By Anna Pulley
By Erin Sherbert
By Chris Roberts
By Erin Sherbert
By Rachel Swan
By Joe Eskenazi
By Erin Sherbert
By Erin Sherbert
In the San Francisco of the Dot-Com Legend, one could criticize public housing projects, welfare, subsidized health care, or programs for the homeless without drawing much attention. The city government was run in such an obviously inefficient manner that even liberals felt free to criticize the management of poverty-relief programs. But rent control was taboo; one couldn't point out that nearly all economists believe stringent, San Francisco-style rent control exacerbates housing shortages without being branded, in S.F.'s so-called "progressive" circles, a cruel, illiberal philistine who didn't care about the poor.
But judging from the statistical nuggets uncovered in the new Housing Data Book, San Francisco's rent-control law is a far cry from being the palliative to the poor that proponents portray it. In fact, it is, in great part, a sop to the rich, and of only spotty help to the needy.
More than one-quarter of San Francisco rent-control beneficiaries have a household income of more than $100,000 per year. Meanwhile, only 19 percent of rent-controlled apartments' occupants have a family income of less than $15,000.
Rent control in San Francisco appears to discriminate against families with children; units not covered by rent control are twice as likely to have two or more children living in them as rent-controlled units are, according to the Housing Data Book. This is true even though children are among San Francisco's neediest residents.
San Francisco rent control bypasses many of the elderly; around one-third of San Franciscans over age 65 are unprotected by rent control. The survey didn't even consider the 12,000 homeless San Franciscans who receive no rent-control benefit at all.
It's not unusual for a well-conceived poverty-relief program to miss some of the needy. But rent control is the grossly polluting factory of entitlement schemes; it harms, rather than merely neglects, everyone outside its walls. The new Housing Data Book does not go just one way. It debunks some of the most hyperbolic criticisms of San Francisco rent control; the report shows, for instance, that it's not true that S.F. landlords keep their apartments empty for fear of locking in rent-control tenants. Rumor once had it that some landlords lived in cheap, rent-controlled apartments, then used the money they saved to buy up apartment buildings; the Data Bookshows this isn't true. A negligible number of San Franciscans are both landlords and renters.
But judging from the drastic rent increases experienced during the 1990s housing shortage, economists' basic understanding of the price-gouging effects of rent control remains in place. Apartments are like any commodity in the sense that when they are subjected to price controls, the "controls" actually end up increasing prices in the long run by discouraging production. The original rent-control law sought to address this scarcity effect by excluding all housing built after 1979. But the effect lingers, not least because builders and their bankers fear that San Francisco may someday include new housing under rent control anyway.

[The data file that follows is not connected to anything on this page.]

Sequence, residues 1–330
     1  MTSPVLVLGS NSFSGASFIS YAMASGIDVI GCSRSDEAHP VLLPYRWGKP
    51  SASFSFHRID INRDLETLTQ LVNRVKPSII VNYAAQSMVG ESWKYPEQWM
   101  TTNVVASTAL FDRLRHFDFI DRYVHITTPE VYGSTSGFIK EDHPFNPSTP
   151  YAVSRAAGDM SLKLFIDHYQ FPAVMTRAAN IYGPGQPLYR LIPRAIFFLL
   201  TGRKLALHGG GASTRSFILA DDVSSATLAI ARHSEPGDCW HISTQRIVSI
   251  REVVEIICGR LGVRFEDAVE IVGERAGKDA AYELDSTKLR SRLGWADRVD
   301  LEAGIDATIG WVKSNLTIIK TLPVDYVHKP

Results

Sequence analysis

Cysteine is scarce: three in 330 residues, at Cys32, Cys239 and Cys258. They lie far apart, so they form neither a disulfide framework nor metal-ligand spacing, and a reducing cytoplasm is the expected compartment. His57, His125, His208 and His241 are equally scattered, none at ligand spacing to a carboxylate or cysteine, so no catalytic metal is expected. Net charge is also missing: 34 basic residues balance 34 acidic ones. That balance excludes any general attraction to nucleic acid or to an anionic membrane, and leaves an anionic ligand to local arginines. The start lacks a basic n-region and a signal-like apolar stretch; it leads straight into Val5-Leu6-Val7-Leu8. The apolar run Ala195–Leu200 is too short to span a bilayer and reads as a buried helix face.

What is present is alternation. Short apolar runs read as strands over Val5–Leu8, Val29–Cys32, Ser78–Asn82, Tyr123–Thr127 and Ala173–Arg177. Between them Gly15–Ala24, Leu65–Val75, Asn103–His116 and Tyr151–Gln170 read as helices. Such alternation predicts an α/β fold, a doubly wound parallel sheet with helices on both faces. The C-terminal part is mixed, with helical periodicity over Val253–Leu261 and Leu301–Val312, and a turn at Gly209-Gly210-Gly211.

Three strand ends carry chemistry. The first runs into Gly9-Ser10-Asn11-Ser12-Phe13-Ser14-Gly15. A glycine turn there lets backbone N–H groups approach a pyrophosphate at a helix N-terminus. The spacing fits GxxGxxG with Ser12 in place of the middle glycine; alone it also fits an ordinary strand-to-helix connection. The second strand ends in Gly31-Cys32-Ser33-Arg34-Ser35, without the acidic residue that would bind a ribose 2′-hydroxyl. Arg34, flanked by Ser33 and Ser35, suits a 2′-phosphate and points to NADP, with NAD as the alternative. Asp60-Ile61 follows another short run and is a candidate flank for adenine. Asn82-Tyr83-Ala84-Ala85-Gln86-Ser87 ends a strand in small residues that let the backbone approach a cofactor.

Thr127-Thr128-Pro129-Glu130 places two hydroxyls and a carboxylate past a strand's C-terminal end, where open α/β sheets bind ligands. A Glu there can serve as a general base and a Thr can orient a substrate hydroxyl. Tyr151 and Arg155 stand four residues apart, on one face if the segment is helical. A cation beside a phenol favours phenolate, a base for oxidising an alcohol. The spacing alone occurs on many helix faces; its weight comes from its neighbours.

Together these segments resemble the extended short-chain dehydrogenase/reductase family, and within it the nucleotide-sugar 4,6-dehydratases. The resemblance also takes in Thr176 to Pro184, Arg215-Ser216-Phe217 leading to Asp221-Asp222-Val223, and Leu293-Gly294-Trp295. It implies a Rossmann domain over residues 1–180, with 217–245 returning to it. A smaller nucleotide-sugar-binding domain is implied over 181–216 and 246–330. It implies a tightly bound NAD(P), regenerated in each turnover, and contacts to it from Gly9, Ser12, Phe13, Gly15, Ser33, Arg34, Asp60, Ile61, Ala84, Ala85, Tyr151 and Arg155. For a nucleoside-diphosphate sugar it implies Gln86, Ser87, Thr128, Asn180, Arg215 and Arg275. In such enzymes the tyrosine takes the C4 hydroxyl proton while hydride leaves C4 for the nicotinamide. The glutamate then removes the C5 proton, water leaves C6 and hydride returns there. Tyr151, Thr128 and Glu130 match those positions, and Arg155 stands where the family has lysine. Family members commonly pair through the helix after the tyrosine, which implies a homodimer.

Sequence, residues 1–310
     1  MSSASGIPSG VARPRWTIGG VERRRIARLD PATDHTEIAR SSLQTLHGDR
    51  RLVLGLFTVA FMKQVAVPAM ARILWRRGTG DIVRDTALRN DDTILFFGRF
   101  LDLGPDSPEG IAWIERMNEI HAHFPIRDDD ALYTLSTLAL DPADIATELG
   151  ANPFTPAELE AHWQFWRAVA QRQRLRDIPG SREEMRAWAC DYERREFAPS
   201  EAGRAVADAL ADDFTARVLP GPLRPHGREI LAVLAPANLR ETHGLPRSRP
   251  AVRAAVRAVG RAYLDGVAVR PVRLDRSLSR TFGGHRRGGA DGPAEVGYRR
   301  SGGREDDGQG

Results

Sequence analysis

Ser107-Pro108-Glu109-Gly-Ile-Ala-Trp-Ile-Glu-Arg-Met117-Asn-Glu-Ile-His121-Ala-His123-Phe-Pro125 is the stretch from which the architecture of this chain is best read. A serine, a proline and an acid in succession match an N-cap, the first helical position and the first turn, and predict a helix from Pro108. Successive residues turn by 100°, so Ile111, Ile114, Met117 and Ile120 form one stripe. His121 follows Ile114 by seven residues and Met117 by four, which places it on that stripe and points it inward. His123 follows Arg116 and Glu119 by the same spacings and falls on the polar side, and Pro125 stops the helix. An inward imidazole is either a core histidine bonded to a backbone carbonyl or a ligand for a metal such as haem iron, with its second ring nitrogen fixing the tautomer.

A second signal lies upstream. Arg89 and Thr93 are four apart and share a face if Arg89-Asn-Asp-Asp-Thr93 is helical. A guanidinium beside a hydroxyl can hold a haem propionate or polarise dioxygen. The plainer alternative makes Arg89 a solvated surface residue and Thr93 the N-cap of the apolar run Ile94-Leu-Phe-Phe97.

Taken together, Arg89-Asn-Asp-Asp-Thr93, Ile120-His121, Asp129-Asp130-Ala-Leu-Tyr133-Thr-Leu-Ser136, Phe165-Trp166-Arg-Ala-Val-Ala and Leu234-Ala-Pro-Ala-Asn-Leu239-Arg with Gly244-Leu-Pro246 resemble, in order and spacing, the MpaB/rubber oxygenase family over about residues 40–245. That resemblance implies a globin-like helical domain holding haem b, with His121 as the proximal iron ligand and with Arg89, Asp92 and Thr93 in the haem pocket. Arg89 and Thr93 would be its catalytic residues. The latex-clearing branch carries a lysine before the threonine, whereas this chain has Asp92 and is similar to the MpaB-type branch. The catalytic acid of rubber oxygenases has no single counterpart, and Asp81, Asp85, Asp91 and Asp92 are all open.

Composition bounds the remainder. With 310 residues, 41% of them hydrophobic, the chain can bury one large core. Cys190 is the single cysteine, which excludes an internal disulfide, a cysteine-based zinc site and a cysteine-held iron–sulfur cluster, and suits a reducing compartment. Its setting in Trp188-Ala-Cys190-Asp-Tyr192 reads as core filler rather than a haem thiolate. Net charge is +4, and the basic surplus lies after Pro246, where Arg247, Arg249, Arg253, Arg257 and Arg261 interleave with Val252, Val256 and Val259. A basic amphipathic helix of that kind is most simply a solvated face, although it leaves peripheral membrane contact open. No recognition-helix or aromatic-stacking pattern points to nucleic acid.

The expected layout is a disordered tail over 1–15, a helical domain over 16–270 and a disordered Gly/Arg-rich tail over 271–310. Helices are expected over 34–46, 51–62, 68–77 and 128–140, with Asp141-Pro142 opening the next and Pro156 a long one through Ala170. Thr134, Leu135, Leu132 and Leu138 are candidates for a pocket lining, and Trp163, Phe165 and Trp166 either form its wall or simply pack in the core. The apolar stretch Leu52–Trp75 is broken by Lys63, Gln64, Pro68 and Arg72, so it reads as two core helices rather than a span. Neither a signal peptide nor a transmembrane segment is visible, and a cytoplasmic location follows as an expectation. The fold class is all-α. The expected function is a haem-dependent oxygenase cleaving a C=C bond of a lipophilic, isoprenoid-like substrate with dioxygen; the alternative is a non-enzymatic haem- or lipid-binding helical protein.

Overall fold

Lenders need only look to San Francisco's political twin, New York, for an example of a city where newer buildings were included in a revised rent-control law after city fathers had sworn this would never happen. And the construction industry is well aware that supervisors such as Chris Daly and Matt Gonzalez believe newer buildings should be put under rent control. This scares off construction financing, driving up financing costs and making all new housing more expensive.
By applying real factual analysis to the housing debacle of the 1990s, perhaps our city fathers will be freed to repair some of the damage wreaked by the fanciful legends perpetrated during the dot-com boom. Old, oft-repeated falsehoods about the local housing market allowed San Franciscans to blame outsiders for their housing problems, rather than themselves. Perhaps, as they read their copies of the new housing report this week, supervisors, Planning Commission members, and others in positions of influence will realize that we're still in the throes of a housing shortage, and that the only way out is to loosen the choke hold that NIMBY neighborhood associations have on the planning process.
Perhaps, with help from this new report, political leaders will see that rent control has strayed far afield of its original aim, and consider phasing it out by allowing controlled rental units to become market-rate units when tenants leave. Perhaps these newly unrestrained units will become subject to a special gross receipts tax, earmarked to subsidize housing for poor families and elderly. Perhaps the city government will use some of this money to build public low-income housing -- which economists say is a far more effective solution for reducing poverty and homelessness than rent control. Perhaps this new, sober assessment of our city's 10-year-old housing disaster will serve as a sort of addict's intervention, and San Francisco will wake up from the denial of the dot-com, build-no-housing years. Perhaps San Francisco will begin to live up to its potential as a liberal, caring city, to become, in reality, the stuff of legend.